President Biden recently signed the American Rescue Plan Act of 2021 (the “Act”). The Act is an economic stimulus bill aimed at helping alleviate the impact of the pandemic.
Download the PDF version of the Act.
The Act includes a 100% subsidy of COBRA coverage for “assistance eligible individuals” (AEIs). The subsidy is available to AEIs from April 1, 2021, through September 30, 2021.
Anyone – including the employee, their spouse, and eligible dependents – who meets the definition of an assistance eligible individual is eligible for the subsidy. An AEI is anyone who:
An AEI includes anyone who was offered COBRA but didn’t elect or elected and later lost coverage, if:
The subsidy is available for any group health plan coverage subject to federal COBRA (other than health FSA coverage) or coverage subject to a comparable state continuation law.
Any AEIs who are not currently on COBRA get a new 60-day election period. The 60-day election period starts on the date they are notified of the COBRA subsidy and the new election period.
The Department of Labor is tasked with issuing model notices to use for this purpose. The model notices must be published on or before April 10, 2021 (30 days after the Act passed). Regardless of the model notice and any guidance that may be released, employers must notify AEIs by May 31, 2021.
The subsidy runs from April 1, 2021, through September 30, 2021. That said, the Act does not extend the COBRA coverage period. In other words, the subsidy is only available for as long as the individual remains eligible for COBRA.
Because the subsidy is limited to involuntary termination and reduction in hours qualifying events, the COBRA coverage period for subsidy eligibility purposes is limited to 18 months. This is true even if one or more individuals experience a second qualifying event.
Here’s how it works:
Example 1. Joe
Joe worked for ACME Corp and was involuntarily terminated on November 15, 2019. By plan rules, Joe’s coverage expired on the last day of the month, and COBRA coverage started on December 1, 2019.
Joe elected COBRA coverage for himself and his spouse and has made timely premium payments for each month of coverage since. Joe’s COBRA coverage is set to expire on May 31, 2021 (18 months after it started). Joe and his spouse are eligible for the subsidy for April and May 2021. At the end of May, their coverage terminates because their maximum COBRA coverage period has expired.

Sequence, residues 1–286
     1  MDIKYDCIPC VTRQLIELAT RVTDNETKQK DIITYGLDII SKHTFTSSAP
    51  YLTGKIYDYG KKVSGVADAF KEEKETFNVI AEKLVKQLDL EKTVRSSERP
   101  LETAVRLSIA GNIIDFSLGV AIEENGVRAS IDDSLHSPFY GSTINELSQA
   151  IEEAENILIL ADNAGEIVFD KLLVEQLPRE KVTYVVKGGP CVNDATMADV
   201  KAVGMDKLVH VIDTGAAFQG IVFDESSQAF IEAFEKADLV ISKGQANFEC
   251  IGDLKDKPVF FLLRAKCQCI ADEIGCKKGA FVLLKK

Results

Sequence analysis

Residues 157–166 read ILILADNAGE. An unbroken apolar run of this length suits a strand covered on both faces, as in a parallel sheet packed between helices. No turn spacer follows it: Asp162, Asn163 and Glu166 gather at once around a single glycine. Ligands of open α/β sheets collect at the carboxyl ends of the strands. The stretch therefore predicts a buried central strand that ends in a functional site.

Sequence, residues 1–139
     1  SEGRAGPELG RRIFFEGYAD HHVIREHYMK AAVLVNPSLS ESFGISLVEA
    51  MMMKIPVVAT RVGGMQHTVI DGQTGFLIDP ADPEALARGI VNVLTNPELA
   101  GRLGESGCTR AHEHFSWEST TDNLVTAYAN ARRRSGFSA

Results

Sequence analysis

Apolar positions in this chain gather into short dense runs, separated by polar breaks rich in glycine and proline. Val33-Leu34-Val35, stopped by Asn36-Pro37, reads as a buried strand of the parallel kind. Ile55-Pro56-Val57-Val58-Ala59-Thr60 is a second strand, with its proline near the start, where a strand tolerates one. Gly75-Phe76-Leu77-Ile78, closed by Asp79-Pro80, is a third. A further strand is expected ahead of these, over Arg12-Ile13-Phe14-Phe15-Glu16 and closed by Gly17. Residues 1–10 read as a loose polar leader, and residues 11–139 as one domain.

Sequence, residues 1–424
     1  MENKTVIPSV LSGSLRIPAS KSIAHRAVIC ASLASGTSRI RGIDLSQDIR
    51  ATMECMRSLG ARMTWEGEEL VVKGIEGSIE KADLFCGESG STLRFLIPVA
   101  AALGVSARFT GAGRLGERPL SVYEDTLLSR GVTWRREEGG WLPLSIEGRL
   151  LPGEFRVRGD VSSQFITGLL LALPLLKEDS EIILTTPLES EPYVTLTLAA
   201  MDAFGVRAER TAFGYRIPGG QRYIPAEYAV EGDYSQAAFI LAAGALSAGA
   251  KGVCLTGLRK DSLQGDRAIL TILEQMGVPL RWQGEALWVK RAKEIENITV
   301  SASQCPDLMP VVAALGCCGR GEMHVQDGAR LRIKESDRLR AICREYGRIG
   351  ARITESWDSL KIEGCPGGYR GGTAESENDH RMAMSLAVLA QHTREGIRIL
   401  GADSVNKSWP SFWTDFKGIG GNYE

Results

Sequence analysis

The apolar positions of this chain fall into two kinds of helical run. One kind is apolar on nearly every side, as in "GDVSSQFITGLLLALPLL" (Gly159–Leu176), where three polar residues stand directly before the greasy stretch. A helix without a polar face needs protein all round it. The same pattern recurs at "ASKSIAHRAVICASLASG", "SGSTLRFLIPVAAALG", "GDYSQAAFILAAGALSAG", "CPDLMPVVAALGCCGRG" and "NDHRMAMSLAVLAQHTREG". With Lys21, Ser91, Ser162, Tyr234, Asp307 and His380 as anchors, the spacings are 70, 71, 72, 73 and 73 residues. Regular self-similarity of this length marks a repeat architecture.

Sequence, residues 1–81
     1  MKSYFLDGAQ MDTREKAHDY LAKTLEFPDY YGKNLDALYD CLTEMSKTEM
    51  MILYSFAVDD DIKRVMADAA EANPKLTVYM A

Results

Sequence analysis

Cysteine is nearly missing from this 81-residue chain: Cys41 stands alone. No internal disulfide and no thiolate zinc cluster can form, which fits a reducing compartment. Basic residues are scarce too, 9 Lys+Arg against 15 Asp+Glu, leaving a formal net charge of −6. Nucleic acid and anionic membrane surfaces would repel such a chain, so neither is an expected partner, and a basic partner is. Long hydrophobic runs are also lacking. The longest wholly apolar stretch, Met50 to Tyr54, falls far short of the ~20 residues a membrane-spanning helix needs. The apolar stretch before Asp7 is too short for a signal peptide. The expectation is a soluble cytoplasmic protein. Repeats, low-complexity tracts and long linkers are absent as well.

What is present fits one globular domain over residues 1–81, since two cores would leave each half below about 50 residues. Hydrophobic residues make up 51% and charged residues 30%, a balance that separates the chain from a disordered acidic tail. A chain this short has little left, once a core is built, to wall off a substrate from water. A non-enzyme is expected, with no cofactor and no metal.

Example 2. Mary
Mary worked for Widgets, Inc. and was terminated involuntarily on April 8, 2020. Mary was offered the right to elect COBRA coverage beginning May 1, 2020, but she declined. Mary is still unemployed and is not eligible for other group health coverage or Medicare.
Mary must be given another opportunity to elect COBRA. If Mary elects, her coverage will begin April 1, 2021. Assuming she continues to meet the eligibility requirements, Mary can continue COBRA coverage through October 2021, but she’s only eligible for subsidized coverage from April 2021 through September 2021. If Mary wants to continue coverage for October 2021, she must make the full premium payment.
Note. Mary’s situation is quite unusual by typical COBRA standards. Under normal circumstances, it is exceedingly rare for a gap in coverage to occur. But under these new rules, AEIs without current coverage have the right to elect COBRA coverage beginning April 1, 2021 – without the requirement to elect and pay for coverage for the preceding months.
The DOL issued new model notices and a set of FAQs on April 7, 2021. The model notices include:
UnifyHR is working with our counsel to create the new notices and update our existing notices. If you are a UnifyHR client, these new and updated notices will be put in place without requiring any action on your part.
The appropriate notices must be furnished to qualified beneficiaries by May 31, 2021.
Employers must pay for the coverage upfront and apply for a refundable credit against the Medicare Hospital Insurance portion of employment taxes.
Additional details regarding how the credits work are available in Section 6432 of Subtitle F (starting on page 131) of the PDF version of the Act.
The Act allows employers to permit AEIs to elect different coverage than they had before their qualifying event (typically, qualified beneficiaries can only elect the same coverage they had before their qualifying event). While employers may choose to offer this option, they are not required to do so.
Under the Act, an employer may allow an AEI to change their coverage option if:
If different coverage is offered, an AEI must elect to change to the different coverage within 90 days after receiving notice of the option.
These new rules can be confusing – and we don’t yet know how the new rules interact with the extended COBRA timeframes available as part of the pandemic relief efforts. While the DOL has issued model notices and a set of FAQs, the IRS has not yet issued guidance. We will share this guidance with you should it become available.
A UnifyHR representative will be in contact with you to coordinate all ARP-related efforts. We’ll need your help identifying those individuals who had an involuntary termination of employment or reduction in hours qualifying event within the specified timeframe.
We will begin distributing notices once we have worked with you to identify all of the impacted qualified beneficiaries. We must receive prompt responses from you to ensure we meet the May 31, 2021 deadline.
We will contact you to help us resolve any questions or special situations that may arise as we receive election forms and other ARP-related materials from qualified beneficiaries.